Liberia National Red Cross Society (LNRCS) president Mr. Jerome Clark alarms here that the institution is extremely challenged, saying request for food, non-food items and other IPC materials currently on LNRCS’ desks are ten times more than it can afford at the moment because of the depletion of its stocks.
Launching LNRCS’ coronavirus (COVID-19) response activities beginning with Montserrado and Margibi Counties Monday, 6 April in Monrovia, Mr. Clark said LNRCS is over stretched because its donors including countries that always provide support are also overwhelmed with this global pandemic, thereby limiting the institution’s support for this response.
“The request for food, non-food items and other IPC materials currently on our desks are ten times more than we can afford at the moment because of the depletion of our stocks,” he said at the Red Cross office down Lynch Street Monday.
According to him, LNRCS has made several interventions ranging from the distributions of hand washing buckets, dignity kits and other IPC materials aimed at promoting best hygiene practices here.
“Why our priorities are on community health and care, risk communication and community engagement for awareness raising and hygiene promotion, we strongly [believe] that there are other critical areas- including food and Psychosocial support for suspected and confirmed cases- need urgent attention.
He expresses appreciation to the International Committee of the Red Cross (ICRC) and the International Federation of Red Cross (IFRC) who have given an initial amount more than US$35,000.00 to support risk communication activities in both Montserrado and Margibi.
He explains that the spread of the COVID-19 pandemic has also made other existing humanitarian needs in the country more acute and further making the delivery of humanitarian aid even more critical and urgent.
He calls for increased support not only from the government and donors, but from everyone to ensure that LNRCS works on the grounds where lives will be saved and communities protected.
He adds that the institution needs to mobilize sufficient resources locally to sustain and make the response successful along with the government and other partners, adding: “We can’t further accept the loss of many lives as it was in the case of Ebola.”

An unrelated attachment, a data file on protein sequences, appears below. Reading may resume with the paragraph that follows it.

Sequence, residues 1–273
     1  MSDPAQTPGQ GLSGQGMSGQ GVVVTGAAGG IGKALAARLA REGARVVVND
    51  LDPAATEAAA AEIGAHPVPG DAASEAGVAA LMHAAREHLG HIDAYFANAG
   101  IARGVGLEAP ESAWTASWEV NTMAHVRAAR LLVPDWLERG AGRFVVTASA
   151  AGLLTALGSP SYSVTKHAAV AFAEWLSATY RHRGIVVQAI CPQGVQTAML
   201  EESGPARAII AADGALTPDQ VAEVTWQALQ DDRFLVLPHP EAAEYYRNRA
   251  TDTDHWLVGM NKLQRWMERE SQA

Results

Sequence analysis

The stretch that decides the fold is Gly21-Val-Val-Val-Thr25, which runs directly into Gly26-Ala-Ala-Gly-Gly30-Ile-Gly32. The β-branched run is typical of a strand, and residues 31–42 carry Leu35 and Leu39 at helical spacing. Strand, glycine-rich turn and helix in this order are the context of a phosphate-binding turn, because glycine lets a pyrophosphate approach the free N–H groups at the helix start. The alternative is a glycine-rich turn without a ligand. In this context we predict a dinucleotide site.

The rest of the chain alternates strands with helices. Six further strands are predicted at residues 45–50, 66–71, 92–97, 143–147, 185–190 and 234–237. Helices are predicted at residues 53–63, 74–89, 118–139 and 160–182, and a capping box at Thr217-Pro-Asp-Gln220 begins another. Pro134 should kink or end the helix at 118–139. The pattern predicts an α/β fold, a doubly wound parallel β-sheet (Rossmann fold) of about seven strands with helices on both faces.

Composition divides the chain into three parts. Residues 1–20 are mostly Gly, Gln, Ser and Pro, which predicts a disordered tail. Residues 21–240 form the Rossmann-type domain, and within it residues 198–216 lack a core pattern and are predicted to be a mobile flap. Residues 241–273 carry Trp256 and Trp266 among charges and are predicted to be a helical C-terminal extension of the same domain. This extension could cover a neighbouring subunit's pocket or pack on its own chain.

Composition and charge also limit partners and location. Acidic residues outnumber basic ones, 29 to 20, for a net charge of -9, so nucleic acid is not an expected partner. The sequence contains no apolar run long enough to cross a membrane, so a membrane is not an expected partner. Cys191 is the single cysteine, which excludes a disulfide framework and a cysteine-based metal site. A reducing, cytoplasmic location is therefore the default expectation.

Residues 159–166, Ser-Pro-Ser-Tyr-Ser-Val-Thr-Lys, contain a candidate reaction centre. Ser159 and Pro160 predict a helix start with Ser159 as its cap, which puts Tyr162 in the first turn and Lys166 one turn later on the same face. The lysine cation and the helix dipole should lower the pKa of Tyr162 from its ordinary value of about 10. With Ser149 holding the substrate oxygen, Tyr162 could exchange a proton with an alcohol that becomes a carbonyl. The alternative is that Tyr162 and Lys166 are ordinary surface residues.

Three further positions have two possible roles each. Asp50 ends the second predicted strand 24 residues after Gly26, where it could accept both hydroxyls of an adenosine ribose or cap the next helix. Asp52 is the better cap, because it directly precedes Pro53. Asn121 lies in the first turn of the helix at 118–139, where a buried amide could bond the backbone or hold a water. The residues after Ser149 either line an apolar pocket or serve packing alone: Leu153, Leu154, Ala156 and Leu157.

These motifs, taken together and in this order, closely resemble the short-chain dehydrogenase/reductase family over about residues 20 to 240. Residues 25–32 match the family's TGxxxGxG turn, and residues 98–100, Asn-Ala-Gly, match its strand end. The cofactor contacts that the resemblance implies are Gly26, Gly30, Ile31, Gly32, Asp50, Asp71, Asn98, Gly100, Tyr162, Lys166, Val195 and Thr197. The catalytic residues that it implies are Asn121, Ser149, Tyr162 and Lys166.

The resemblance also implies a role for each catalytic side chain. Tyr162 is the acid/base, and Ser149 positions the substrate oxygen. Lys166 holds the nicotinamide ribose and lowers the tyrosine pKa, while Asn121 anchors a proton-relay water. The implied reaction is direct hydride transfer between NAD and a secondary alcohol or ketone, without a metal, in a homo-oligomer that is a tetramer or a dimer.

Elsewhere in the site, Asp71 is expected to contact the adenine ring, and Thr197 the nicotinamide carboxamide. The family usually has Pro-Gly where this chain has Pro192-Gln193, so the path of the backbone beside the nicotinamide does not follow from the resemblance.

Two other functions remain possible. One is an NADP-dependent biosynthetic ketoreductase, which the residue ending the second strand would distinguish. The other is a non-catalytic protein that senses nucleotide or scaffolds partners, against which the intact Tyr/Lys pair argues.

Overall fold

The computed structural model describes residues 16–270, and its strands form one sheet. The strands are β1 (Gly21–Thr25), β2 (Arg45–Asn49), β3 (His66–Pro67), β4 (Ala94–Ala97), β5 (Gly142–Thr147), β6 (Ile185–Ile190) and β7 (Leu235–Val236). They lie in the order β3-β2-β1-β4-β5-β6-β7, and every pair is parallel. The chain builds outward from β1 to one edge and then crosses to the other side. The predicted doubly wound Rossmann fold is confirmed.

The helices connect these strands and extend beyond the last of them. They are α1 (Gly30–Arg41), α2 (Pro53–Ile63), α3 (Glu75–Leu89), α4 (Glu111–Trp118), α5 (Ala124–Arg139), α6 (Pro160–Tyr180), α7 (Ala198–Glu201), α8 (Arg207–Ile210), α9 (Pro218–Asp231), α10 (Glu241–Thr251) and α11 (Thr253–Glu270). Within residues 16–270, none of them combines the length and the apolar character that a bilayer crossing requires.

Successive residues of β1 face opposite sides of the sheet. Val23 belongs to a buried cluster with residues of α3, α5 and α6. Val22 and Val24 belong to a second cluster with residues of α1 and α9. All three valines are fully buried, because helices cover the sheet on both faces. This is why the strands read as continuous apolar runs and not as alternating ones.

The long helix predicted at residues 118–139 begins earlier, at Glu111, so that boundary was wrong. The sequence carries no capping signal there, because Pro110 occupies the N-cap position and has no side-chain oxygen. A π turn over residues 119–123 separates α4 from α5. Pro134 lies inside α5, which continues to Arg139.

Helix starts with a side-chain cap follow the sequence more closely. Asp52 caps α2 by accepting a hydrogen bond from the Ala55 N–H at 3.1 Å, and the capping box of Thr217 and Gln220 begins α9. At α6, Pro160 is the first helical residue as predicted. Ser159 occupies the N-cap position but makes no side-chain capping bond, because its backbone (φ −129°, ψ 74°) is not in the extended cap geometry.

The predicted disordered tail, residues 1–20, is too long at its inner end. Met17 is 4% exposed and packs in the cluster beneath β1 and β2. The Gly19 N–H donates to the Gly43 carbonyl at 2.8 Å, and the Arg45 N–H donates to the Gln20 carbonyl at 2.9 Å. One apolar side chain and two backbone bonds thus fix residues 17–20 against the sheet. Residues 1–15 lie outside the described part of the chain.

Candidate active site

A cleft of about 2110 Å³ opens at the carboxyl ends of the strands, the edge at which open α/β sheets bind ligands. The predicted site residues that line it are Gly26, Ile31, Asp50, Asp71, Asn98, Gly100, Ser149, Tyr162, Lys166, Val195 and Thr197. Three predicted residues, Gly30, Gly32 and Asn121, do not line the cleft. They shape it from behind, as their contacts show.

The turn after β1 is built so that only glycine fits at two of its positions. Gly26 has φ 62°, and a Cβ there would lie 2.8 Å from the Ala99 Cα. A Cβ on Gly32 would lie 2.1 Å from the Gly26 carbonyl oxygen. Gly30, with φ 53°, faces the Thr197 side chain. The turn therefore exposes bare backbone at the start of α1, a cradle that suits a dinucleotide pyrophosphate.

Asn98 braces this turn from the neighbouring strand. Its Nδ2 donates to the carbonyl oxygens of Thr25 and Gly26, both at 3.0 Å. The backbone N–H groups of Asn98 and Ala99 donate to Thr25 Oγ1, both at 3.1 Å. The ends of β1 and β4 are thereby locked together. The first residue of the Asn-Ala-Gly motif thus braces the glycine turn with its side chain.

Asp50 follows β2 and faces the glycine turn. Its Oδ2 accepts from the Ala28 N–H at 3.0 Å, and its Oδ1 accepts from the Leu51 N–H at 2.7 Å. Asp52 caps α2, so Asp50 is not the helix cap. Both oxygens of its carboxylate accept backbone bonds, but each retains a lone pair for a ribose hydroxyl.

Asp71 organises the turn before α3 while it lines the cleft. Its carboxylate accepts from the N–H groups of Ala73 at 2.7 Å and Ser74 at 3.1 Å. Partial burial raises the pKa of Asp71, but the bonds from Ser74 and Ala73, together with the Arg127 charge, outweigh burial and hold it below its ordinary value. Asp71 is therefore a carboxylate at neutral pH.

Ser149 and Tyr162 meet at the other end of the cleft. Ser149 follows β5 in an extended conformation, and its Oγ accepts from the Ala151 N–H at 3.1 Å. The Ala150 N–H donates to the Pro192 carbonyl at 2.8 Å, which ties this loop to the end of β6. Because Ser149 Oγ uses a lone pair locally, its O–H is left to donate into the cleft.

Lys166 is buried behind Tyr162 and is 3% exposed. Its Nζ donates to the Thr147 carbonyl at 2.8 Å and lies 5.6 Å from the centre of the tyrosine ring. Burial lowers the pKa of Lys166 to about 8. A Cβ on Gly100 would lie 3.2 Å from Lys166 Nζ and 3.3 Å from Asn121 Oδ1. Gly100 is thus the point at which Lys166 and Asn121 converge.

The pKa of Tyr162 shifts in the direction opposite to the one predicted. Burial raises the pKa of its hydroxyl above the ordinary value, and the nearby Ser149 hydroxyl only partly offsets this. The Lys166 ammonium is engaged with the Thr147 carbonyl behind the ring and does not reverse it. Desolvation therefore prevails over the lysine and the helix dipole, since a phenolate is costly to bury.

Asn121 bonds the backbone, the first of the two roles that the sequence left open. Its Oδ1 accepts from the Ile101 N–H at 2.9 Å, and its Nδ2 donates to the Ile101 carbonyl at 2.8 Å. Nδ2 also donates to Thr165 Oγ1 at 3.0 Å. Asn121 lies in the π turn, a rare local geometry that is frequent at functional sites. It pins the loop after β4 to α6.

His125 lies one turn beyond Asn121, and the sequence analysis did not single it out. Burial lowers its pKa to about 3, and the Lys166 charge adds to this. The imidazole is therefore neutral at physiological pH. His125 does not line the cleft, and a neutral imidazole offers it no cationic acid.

Mr. Clark expresses concerns that disabled and people with special needs and other vulnerabilities are already struggling and could be at even greater risk if nothing is done to address their pressing needs as affected communities and population [are] to stay home.
He notes that the whole world is struggling to cope, and it is not yet known the full extent of the economic and social crisis that will be faced, urging that stronger and appropriate measures must be taken to save lives.
“So far, Africa has been the continent least affected by the pandemic, but if measures to contain the virus are not taken immediately, it could be devastating,” he warns.
He calls on the communities to avoid their usual hand shake/ hugging, closed contact, and keep in self – isolation while seeking quick medical intervention when they have fever as COVID-19 has no cure.
In an overview, Mr. Christopher O. Johnson, Head of Programs/National Society Development, LNRCS says in supporting government’s effort to curb the spread of the COVID-19, LNRCS has donated 1,672 hand washing buckets and other assorted related materials.
He lists masks, gloves and thermometers to several private and public institutions, Community – Based Organizations and individuals, among others.
Further, he says they have strengthened collaboration with the Ministry of Health, the National Public Health Institute of Liberia (NPHIL), the National Disaster Management Agency (NDMA), and the larger response coordination mechanism.He details that they have invoked the attention of partners including the IFRC, ICRC, and PNSs.
He explains that the LNRCS has been strongly involved from preparedness to response, collaborating with the government and complementing the Ministry of Health and National Public Health Institute of Liberia in setting up Precautionary Observation Center.By Winston W. Parley